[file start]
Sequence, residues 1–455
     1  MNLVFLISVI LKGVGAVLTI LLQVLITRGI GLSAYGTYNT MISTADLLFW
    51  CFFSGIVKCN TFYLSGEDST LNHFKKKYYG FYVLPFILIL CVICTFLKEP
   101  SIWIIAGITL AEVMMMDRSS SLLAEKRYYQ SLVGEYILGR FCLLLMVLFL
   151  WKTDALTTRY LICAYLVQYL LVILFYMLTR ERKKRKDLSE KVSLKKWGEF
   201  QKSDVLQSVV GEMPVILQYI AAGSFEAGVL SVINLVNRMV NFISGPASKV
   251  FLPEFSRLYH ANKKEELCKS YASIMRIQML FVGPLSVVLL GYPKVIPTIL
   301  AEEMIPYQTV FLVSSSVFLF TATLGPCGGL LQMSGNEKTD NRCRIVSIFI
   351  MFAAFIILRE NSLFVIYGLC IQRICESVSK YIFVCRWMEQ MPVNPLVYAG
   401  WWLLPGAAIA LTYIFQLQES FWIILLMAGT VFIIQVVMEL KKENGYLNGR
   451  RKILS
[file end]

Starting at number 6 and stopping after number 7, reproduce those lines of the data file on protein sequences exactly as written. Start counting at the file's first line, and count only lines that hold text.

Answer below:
   201  QKSDVLQSVV GEMPVILQYI AAGSFEAGVL SVINLVNRMV NFISGPASKV
   251  FLPEFSRLYH ANKKEELCKS YASIMRIQML FVGPLSVVLL GYPKVIPTIL